Digital Dryshack: Estimating Software Survey

I was intrigued by the request from Houston Neal of, to comment on his company's estimating software survey. As it was a topic near and dear to us and right in our wheelhouse, so I agreed. The link to the survey  follows at the conclusion, but first a few comments: The survey had a surprising number of participants by contractors earning < $5 mm/year, (almost half of the roughly 100 who participated), and about half as many were firms with > $ 100 mm, so the sample seems reasonably representative of the market as a whole, and sufficiently diverse to produce useful results. One number that didn't surprise was the leading estimating sofware isn't estimating software at all, but good ol' spreadsheets...(still)....and yet... While I did say not surprising, it is in my opinion, more proof that we are in a very conservative industry, even to a fault. For all the forward-looking companies who embrace BIM, Tablets & Time Capture technologies, there are 2 or 3 who still use spreadsheets to estimate, and paper for Daily Reports & Timesheets. As the presdient of a construction technology consulting firm, it never ceases to amaze me how backward-looking some of us are. [...]

Java Error in Primavera P6 Install – unable to access jarfile

A java error came up in the middle of a standalone Primavera P6 install for a client. We had just finished installing SQL 2008 and were running the database setup. When we would go to launch the database file we received the error: "unable to access jarfile lid\dbmt.jar” We examined the batch file, tried re-naming the pointed directories, modifying java settings, re-downloading Primavera P6 install files, and a host of other things. Nothing worked and we put the project on hold until the next day when it could be approached with a clear head. Thankfully, we were able to solve the problem when we resumed in the morning. The fix? Change your windows preferences to un-hide the “hidden folders.” Even though the java (jar) files were on the computer, they were hidden, and the batch file couldn’t run, which produced the jarfile and java home errors. Once we changed the setting, the install worked perfectly. To unhide your windows folders: Open Windows Explorer On your keyboard press the Alt key Go to Tools ---> Folder Options On the View tab, under Files and Folders, Click the bubble for “Show Hidden Files, Folders, and Drives” Full disclaimer that this fix won’t [...]

Digital Dryshack: Every Job is Different…or is it?

Every Job is Different. (Wait a minute...or is every job the same?) This issue is one we hear frequently from our clients, often as we attempt to standardize processes in construction operations, estimating, and project management. While the statement that every job is different is undeniably true, it's equally true that every job includes the same fundamental approach, requiring a similar set of procedures and methodology. I would argue that a difficult demo and remodel project is more similar to a new construction project than it is different. How so? Construction is still construction, and at the end of the day, the steps are the same. Bid qualification, subcontractor and vendor notification, estimate preparation and submission are components of every bid. Project scheduling, mob, construction, documentation, cost management, closeout, and demob are necessary activities that must be planned and executed efficiently, in order to achieve a good outcome. So rather than focus on the differences that set projects apart from one another, pay attention to their similarities, in order to streamline your company's process and methodology.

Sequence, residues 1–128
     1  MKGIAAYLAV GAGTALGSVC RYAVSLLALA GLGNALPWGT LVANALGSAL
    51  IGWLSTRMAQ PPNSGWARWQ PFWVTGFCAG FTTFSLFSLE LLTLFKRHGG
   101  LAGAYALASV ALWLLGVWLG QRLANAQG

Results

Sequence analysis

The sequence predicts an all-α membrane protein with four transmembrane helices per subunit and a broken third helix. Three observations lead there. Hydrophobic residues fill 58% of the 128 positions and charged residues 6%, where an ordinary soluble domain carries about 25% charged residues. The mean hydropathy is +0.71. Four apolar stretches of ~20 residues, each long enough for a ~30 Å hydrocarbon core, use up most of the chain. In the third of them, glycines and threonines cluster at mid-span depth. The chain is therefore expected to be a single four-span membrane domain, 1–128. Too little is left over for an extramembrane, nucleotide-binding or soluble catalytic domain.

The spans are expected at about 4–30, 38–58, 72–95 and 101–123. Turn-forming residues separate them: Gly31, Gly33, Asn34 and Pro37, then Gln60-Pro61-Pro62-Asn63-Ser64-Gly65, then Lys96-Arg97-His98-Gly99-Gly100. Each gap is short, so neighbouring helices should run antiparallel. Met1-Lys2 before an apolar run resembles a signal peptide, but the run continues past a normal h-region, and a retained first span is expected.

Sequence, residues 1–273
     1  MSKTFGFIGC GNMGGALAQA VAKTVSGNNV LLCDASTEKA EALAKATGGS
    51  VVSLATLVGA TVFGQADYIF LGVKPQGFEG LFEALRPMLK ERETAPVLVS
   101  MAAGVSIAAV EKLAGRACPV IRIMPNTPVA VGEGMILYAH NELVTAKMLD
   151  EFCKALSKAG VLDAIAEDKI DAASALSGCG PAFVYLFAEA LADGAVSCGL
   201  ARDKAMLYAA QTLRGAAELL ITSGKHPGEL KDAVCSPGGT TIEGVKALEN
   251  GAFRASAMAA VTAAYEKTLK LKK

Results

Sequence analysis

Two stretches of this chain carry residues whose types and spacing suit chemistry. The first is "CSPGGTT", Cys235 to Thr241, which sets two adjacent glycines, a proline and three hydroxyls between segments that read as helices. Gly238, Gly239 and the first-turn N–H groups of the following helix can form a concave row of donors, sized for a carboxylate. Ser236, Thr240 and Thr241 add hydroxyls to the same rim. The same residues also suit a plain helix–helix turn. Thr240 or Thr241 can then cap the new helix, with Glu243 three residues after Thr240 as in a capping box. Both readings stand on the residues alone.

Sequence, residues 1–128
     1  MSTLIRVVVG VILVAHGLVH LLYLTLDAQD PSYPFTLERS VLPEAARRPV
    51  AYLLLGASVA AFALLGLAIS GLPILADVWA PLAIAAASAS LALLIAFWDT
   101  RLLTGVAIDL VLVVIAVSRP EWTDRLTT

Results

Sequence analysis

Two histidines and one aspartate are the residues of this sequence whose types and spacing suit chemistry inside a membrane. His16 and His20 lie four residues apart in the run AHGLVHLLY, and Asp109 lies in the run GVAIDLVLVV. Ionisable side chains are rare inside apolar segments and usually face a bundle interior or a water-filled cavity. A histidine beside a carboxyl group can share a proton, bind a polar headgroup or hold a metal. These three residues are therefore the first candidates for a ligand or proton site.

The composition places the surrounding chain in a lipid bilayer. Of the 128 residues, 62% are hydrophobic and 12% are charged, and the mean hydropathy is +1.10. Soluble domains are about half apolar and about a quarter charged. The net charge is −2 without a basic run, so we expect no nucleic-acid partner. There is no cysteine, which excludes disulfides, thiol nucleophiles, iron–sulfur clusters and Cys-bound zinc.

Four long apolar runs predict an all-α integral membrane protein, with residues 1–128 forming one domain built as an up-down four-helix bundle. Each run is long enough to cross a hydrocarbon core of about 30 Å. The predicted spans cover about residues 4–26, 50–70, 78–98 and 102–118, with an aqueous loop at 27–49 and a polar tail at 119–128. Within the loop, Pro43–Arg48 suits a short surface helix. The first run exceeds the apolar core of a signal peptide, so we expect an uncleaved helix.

2017-01-14T08:23:29+00:00 By |Consulting, Digital Dry Shack Blog|

Feature of Work (FOW) Specs For Army Corp Projects in Primavera P6

Dealing with Feature of Work (FOW) for Army Corp Projects in Primavera P6 One issue that we have come across in developing a schedule for an Army Corp Project in P6 is how to treat the Feature of Work (FOW) in the Corp specs.   Often the Corp states three FOWs in the spec, for example FOW1, FOW2, and FOW3.  This will only work in P3, if you try to use them in P6, they will not carryover in the SDEF conversion.  This is because Primavera P6 is programmed to only allow specific Activity Codes in the SDEF Conversion.  They are: WRKP RESP AREA MODF BIDI PHAS CATW FOW Any deviation, for example an activity code named TEST, or the old P3 codes FOW1, FOW2, FOW3, will not export to SDEF! Also important to note, the spec will probably state that the FOW length should be 30 characters.  People report issues because Primavera P6 only allows a max of 20 characters.  However, in the SDEF conversion P6 is programmed to import the Code Description, not the Code Value for FOW only.  This means the max characters you set in P6 for FOW is moot in the SDEF export because it ignores the code.  The [...]

Digital Dryshack: Sage SQL Estimating first look

We got our first look at Sage Estimating's sql server product, coded version 11.2. Its most significant advantage is its modern database engine, (Microsfot SQL), which eliminates Sage Timberline's  Pervasive albatross of the last 10 years. (I hear rousing applause from contractors' IT departments around the country.) With that improvement comes a seismic shift in an estimator's definitions of familiar concepts such as files and databases. Estimates are no longer contained in the standalone Windows files we're used to. They now reside merely as data "blobs" in the overall database. Think of the sql database as a data "cloud" that resides on a company's server. All  estimates are now contained within that cloud. Sound chaotic? Actually it's not. Each project still has its own distinct identity within that "cloud", and can be viewed, and even exported as a separate element. The new estimating suite includes a Estimating Management Console & Data Migration tool in addition to its core estimating program. The Management Module. We were able to smoothly migrate our databases into sql using the migration tool with no issues. The management module gave us an Explorer-like console to view the individual project estimates. This early pre-release version doesn't contain any [...]